Holding the Government Accountable

The “Most Abused” Freedom of Information Act Exemption Still Needs to Be Reined In

(Illustration: CJ Ostrosky / POGO)

Government documents recently made public show that the federal government continues to abuse a provision of the Freedom of Information Act (FOIA) to unjustifiably keep the public in the dark about important government matters that they have a right to know about. Congress created FOIA to give the public access to the inner workings of the federal government. But the government can misuse the law to avoid transparency and hide documents that shed light on internal problems.

Agencies stretch FOIA Exemption 5 to inappropriately cover records that may paint the agency in a bad light, records that reveal problems, and records that contain embarrassing information.

In principle, the Freedom of Information Act is fairly simple. Anyone can request records from an agency, and, unless the information is exempt from disclosure, the agency must provide the records within 20 business days. There are nine exemptions written into the law, covering areas such as national security, personal privacy, and confidential business information. The exemptions are reasonable and, if applied properly, would protect sensitive information while leaving large portions available to the public for request.

Yet, in practice, it often doesn’t work that way. Implementation of FOIA has many problems that make the process longer and more difficult for all involved. High on the list is agencies’ overly expansive application of the exemptions to withhold records that don’t truly deserve the protections.

While it is not the most used exemption, experienced FOIA requesters routinely cite FOIA’s Exemption 5—meant to protect certain internal government deliberations—as the most problematic of them. Tom Fitton, president of the conservative Judicial Watch, testified to Congress in 2010 that it was the “most abused exemption.” Nate Jones, formerly with the nonprofit National Security Archive and now with the Washington Post, calls it the “withhold it because you want to exemption.”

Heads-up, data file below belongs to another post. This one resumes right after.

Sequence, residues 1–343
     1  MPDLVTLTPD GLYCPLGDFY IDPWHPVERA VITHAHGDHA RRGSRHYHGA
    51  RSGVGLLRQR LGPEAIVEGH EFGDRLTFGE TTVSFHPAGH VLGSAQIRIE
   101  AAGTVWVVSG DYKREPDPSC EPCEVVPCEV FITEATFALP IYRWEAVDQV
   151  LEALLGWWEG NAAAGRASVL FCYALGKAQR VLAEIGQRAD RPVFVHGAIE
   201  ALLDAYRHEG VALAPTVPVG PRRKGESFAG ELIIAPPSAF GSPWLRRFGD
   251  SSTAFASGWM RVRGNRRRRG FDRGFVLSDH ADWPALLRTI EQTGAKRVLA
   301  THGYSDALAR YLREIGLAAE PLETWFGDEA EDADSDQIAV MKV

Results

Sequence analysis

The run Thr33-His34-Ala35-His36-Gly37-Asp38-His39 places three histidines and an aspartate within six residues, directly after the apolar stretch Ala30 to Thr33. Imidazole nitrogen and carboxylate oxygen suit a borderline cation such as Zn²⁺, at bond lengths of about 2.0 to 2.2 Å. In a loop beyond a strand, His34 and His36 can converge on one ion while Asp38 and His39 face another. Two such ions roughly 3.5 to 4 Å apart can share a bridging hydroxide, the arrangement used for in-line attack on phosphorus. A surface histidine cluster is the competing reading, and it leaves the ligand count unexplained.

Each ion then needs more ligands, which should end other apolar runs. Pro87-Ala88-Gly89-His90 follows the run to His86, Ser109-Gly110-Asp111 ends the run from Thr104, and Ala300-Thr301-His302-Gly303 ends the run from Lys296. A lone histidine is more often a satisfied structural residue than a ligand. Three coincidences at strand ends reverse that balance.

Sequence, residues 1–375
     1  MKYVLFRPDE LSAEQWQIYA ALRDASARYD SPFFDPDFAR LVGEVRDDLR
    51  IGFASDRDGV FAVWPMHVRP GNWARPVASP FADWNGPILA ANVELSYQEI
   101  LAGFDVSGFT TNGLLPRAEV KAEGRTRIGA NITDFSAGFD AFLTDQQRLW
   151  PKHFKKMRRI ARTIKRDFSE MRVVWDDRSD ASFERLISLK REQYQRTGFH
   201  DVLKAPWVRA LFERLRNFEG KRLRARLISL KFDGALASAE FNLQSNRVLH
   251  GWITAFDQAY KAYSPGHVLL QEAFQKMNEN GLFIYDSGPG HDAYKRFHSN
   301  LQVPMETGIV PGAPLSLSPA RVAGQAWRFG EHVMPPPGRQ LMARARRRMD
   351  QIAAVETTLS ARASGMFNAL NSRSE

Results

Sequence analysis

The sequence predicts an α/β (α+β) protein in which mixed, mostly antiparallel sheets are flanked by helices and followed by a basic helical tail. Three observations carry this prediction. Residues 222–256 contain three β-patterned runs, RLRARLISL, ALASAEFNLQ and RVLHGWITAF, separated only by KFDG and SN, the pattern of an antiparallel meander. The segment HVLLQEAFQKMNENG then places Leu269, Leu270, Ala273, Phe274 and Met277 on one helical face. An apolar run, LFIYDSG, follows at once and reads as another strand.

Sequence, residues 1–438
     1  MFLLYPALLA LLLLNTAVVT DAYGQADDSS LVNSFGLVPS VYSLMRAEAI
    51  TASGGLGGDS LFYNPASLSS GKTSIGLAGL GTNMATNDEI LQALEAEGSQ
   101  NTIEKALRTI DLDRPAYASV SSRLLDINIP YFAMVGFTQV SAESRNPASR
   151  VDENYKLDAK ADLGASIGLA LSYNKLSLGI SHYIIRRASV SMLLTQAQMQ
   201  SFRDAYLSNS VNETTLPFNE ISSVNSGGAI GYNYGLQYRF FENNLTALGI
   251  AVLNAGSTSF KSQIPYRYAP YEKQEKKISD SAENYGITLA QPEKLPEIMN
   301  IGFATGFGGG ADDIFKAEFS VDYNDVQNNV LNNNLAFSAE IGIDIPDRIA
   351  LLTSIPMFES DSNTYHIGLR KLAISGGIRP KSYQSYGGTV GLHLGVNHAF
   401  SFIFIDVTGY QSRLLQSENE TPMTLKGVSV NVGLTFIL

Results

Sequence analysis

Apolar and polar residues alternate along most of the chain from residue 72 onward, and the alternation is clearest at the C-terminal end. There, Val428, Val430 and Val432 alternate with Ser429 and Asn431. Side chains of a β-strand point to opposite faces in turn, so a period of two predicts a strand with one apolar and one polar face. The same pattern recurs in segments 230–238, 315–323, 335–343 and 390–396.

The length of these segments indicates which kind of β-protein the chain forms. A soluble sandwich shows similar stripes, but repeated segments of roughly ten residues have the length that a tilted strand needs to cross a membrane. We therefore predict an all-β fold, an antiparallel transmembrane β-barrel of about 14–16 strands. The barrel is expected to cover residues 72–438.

Exemption 5 is commonly interpreted as shielding from release draft government documents, records of sensitive deliberations before decisions are made, and government attorney-client deliberations. These types of documents deserve some protection. But agencies stretch the exemption to inappropriately cover other information, such as records that may paint the agency in a bad light, records that reveal problems, and records that contain embarrassing information.

There has been some progress. Federal agencies have used Exemption 5 less in the last several years than they had around the midpoint of the Obama administration.

Use of the exemption peaked in fiscal year 2013 when it was cited a total of 81,752 times, according to data available on FOIA.gov. Since then, use of Exemption 5 has generally fluctuated between 60,000 and 70,000 each year. In fiscal year 2018—the most recent data that’s public—it was used 61,135 times.

While many agencies use the exemption, the Department of Homeland Security uses it far more frequently than any other agency. In the last 10 years the department was responsible for more than half of the government’s use of Exemption 5, ranging from a low of 54% in 2018, when the agency cited it 32,962 times, to a high of 83% in 2009, with 59,510 instances. The Equal Employment Opportunity Commission is consistently the second most frequent user of the exemption, and cited it 13,041 times in 2018. Use of the exemption by other agencies ranges from not at all to a few thousand times per year.

Use of the exemption peaked in fiscal year 2013 when it was cited a total of 81,752 times, according to data available on FOIA.gov. Since then, use of Exemption 5 has generally fluctuated between 60,000 and 70,000 each year.
(Source: FOIA.gov)

One possible factor in the reduced use of Exemption 5 since its peak in 2013 may be reforms instituted by the FOIA Improvement Act of 2016. One reform barred the use of the exemption for records more than 25 years old (it’s worth noting, though, that presidential records involving deliberative process privilege can only be withheld for 12 years). The law contained other changes as well, including a particularly significant one that will be discussed later in this piece. However, the beginning of the reduction in use of the exemption began a few years earlier than the law’s passage.

Despite the reduction in the overall use of Exemption 5, recent FOIA cases show that federal agencies are still misusing it.

Findings of Poor Immigration Detention Conditions

Last year, POGO did an investigation into the dangerous conditions and alarming use of solitary confinement at the Immigration and Customs Enforcement (ICE) detention center in Adelanto, California. We also published a large number of records obtained through a FOIA lawsuit as a part of the investigation.

In January, National Public Radio (NPR) published a story on the planned expansion of the Adelanto detention center despite its history of problems with medical and mental health care. NPR also released the Department of Homeland Security records it obtained through FOIA on the detention center.